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My name is Naomi Blundell (previously Le Maistre) and I am a violinist, teaching musician and mother of two based in Exmouth, Devon. My professional role as a Teaching Musician includes:
1) providing one-to-one instrumental tuition for all ages, building individuals’ skills, confidence and enjoyment of music through patient, friendly, tailored tutoring
2) delivering group singing sessions for stroke survivors, people living with dementia, and carers, in community, residential and nursing care settings.
Growing up with music (1979 – 1997)
I was born and raised in Staffordshire, UK, where I attended schools in Tamworth and Lichfield. We had a piano in our hallway for as long as I can remember – which all the family played from time to time! – and I was given violin lessons from the age of six. I was encouraged to pursue this throughout my childhood and teens, eventually achieving my Grade 8 at the the age of seventeen. Music and the people I shared it with were a huge source of support throughout my school career and helped me to forge some of my most important friendships, not to mention that the music department and practice rooms were always a welcoming refuge during cold and rainy breaktimes and lunch hours!
I played with as many ensembles as possible: junior and senior string orchestras, bands for shows such as South Pacific, Showboat, The Boyfriend and Calamity Jane, recorder groups and choirs. Eventually I auditioned and was accepted into the Staffordshire Youth Recorder Ensemble, and later the Staffordshire Youth Orchestra, which gave me some exciting opportunities including a performance trip to Toronto, Canada.
Leaving home and taking a detour (1997 – 2008)
Finishing school in 1997 with exam results that I was proud of, but being quite shy and somewhat lacking the confidence in myself to pursue a career in music at this point in my life, I moved to the South West of England to study History at the University of Exeter – I loved the social history of medieval England, all aspects of medicine throughout history and in particular my specialist subject of the Bubonic Plague! And most importantly I made many lifelong friendships, and met a certain young Maths and Computing student all the way from Cambridge, Andy, who I would eventually marry in 2007.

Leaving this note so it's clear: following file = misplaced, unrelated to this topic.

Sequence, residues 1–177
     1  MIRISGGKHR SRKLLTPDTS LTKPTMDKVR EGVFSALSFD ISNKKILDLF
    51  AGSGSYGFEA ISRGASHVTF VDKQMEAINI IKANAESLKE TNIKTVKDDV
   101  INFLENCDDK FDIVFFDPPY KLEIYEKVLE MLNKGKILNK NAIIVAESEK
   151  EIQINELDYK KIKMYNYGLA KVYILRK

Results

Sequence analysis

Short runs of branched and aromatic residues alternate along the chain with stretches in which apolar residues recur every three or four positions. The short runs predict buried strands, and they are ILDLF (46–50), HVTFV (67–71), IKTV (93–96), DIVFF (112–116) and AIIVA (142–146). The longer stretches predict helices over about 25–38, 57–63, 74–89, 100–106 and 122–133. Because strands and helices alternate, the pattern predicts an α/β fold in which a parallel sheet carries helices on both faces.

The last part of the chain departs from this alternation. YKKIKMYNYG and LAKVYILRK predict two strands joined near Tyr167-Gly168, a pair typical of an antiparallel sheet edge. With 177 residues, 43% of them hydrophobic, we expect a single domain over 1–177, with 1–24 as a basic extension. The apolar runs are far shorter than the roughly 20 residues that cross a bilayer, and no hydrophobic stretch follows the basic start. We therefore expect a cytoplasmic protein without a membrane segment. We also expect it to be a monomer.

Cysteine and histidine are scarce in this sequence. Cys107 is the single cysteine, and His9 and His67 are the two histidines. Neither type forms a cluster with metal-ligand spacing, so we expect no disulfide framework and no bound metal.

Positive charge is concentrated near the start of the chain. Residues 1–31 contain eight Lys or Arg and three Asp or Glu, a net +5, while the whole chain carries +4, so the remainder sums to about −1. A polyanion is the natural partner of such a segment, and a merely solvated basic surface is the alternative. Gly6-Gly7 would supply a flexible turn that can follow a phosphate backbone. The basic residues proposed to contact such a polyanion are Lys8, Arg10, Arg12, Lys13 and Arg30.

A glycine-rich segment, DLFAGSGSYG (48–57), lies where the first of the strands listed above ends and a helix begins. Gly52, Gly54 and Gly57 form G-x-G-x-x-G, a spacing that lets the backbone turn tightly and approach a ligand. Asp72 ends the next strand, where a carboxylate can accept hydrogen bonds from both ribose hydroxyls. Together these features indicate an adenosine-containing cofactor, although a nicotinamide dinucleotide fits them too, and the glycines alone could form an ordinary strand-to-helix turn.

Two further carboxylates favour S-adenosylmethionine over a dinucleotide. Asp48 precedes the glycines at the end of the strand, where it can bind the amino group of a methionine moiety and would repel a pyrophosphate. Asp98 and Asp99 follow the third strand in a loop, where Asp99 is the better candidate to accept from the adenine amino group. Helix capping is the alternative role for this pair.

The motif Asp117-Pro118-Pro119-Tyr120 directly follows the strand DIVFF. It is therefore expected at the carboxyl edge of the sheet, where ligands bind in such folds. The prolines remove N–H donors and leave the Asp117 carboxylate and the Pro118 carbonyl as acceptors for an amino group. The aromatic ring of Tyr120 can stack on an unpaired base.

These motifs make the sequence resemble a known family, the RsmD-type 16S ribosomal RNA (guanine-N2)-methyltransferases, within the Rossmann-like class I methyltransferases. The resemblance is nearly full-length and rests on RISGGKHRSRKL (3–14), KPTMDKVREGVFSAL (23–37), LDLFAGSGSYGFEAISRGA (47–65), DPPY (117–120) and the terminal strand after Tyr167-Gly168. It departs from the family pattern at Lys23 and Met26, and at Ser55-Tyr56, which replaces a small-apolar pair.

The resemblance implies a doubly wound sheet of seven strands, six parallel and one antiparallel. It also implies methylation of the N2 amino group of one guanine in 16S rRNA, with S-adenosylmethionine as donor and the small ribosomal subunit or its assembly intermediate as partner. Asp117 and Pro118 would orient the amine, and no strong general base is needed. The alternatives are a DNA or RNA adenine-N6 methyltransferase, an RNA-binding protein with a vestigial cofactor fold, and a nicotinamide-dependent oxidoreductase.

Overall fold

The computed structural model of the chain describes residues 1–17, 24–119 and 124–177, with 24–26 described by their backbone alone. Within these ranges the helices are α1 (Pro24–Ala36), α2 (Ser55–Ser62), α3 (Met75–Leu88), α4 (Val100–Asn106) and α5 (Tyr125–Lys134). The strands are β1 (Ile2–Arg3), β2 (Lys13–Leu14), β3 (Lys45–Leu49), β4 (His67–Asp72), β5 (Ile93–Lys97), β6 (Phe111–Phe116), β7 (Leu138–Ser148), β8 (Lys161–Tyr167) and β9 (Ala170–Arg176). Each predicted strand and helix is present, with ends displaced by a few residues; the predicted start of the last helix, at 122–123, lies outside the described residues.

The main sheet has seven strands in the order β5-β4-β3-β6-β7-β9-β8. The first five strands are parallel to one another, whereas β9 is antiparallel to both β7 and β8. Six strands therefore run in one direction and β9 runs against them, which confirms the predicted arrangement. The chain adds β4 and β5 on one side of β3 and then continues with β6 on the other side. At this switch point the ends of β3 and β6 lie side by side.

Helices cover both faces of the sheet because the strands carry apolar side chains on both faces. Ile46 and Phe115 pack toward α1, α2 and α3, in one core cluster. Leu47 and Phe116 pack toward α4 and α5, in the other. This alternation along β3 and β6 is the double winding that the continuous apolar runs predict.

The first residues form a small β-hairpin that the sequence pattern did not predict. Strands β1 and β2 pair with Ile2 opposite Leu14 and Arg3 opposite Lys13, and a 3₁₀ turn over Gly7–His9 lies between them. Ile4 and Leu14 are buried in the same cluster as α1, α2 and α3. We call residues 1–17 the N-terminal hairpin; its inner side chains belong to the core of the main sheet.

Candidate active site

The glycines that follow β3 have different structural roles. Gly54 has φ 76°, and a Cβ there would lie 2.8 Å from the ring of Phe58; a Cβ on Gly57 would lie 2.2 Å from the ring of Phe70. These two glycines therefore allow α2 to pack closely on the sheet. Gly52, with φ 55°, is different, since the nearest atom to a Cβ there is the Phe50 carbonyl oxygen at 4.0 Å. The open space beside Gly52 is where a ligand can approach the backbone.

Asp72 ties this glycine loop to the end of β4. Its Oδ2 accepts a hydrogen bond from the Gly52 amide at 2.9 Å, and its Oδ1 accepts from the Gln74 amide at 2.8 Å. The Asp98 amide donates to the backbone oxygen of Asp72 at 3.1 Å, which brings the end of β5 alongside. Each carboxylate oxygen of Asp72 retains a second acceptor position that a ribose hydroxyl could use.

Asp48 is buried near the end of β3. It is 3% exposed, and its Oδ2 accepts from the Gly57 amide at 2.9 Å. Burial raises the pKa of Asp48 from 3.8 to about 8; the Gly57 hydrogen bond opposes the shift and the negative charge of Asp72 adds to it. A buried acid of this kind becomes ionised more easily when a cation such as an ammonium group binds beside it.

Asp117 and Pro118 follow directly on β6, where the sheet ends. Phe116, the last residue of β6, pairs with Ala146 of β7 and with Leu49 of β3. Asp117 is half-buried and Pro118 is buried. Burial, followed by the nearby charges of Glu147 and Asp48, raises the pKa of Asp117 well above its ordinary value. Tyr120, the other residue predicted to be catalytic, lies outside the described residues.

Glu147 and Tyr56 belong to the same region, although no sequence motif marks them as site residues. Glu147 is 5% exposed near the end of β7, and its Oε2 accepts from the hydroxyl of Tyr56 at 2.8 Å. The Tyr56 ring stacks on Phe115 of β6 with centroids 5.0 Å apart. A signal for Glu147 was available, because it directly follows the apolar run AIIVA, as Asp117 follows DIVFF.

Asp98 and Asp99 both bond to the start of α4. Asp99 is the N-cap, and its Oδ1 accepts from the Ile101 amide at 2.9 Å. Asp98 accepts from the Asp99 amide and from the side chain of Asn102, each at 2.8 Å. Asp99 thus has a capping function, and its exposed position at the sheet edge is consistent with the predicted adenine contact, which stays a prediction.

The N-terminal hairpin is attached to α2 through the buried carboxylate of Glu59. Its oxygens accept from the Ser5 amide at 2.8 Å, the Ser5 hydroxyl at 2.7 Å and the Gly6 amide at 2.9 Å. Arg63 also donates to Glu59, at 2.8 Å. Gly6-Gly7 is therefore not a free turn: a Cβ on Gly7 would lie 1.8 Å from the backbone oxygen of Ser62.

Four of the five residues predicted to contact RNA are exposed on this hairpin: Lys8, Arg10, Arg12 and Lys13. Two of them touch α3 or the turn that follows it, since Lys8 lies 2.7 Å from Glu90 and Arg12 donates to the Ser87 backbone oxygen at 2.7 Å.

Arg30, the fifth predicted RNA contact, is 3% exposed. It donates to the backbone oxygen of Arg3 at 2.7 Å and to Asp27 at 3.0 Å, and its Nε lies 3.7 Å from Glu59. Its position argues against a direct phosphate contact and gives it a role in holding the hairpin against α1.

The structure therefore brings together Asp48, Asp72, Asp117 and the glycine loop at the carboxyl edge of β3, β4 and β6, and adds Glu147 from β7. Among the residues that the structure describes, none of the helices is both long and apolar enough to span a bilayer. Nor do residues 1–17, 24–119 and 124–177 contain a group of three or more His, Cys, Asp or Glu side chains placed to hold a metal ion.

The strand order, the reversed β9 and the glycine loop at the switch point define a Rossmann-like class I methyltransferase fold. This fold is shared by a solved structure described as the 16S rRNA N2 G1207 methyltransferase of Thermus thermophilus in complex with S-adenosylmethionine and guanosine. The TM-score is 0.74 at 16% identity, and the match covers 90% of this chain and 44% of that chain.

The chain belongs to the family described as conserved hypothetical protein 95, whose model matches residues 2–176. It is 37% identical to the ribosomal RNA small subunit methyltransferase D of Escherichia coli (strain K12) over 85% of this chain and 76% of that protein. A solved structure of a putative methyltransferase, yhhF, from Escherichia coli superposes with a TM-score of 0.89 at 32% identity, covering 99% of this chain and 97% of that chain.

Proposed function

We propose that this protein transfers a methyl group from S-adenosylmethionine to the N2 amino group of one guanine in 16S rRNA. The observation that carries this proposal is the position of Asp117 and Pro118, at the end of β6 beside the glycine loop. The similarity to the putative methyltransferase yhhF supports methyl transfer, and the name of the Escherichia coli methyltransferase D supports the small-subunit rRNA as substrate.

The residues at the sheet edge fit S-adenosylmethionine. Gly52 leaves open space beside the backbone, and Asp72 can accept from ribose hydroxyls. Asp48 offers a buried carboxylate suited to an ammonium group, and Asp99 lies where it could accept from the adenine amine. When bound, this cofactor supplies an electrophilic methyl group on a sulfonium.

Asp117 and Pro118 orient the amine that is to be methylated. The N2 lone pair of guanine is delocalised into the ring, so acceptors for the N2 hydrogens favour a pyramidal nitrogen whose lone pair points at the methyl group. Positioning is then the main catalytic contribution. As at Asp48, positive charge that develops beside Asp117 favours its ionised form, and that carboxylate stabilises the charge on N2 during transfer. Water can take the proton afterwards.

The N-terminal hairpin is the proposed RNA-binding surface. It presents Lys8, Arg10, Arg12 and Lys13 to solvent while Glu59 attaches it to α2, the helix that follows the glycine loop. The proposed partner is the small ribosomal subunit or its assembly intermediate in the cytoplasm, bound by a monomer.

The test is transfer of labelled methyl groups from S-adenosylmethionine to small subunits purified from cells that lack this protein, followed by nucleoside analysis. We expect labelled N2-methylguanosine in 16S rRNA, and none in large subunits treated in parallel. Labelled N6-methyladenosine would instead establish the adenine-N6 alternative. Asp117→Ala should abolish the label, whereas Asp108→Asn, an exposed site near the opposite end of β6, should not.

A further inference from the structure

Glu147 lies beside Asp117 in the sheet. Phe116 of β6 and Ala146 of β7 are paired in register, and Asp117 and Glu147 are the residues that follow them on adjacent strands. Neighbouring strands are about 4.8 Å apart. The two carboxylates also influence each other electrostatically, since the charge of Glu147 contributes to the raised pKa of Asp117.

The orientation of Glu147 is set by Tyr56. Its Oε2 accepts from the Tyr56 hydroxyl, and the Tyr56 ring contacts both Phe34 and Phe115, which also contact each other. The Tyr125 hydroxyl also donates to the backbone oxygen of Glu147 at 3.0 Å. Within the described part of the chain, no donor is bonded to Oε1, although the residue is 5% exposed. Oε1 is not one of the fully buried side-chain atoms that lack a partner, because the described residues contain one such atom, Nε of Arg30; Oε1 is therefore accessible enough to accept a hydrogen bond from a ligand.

I returned to the Midlands to study for a Masters in Social Policy at Birmingham University before embarking on what would be a ten-year career in health and social care research, with a particular interest in improving vulnerable groups’ experiences of the services they receive and giving people a voice. This took me to Oxford, London, and Dartington, Devon. I gained a great deal from these years. In particular I developed my ability to communicate with and support people facing challenging circumstances – but somehow I felt that I was not in the right place career-wise.
Returning to music (2008 – present)
Following the births of my two children in 2008 and 2011, my confidence in myself had improved, and, I took the decision to change career and do what I both loved, and felt would give my family the best of me! Music had taken more of a backseat for a while – but now, singing and playing to my babies reminded me why it was special.
I had already taken the important step of joining the fantastic local ensemble, Exeter’s EMG Symphony Orchestra and through this I came across the opportunity to be a part of a brand new group – Exmouth’s newly established Singing for the Brain – as a support singer. I later trained as Singing Leader and the rest snowballed from there as I grew in confidence and developed my skills.
Eight years on, I now lead four regular community singing groups for stroke survivors and people living with dementia, six groups for people with dementia and other special needs living in residential care settings, and I also teach violin, piano and guitar to more than thirty pupils on a one-to-one basis in home and school settings. I continually work hard to provide the best possible experiences and education for the people I am privileged to work with and hope to continue in this wonderfully rewarding role for many years to come.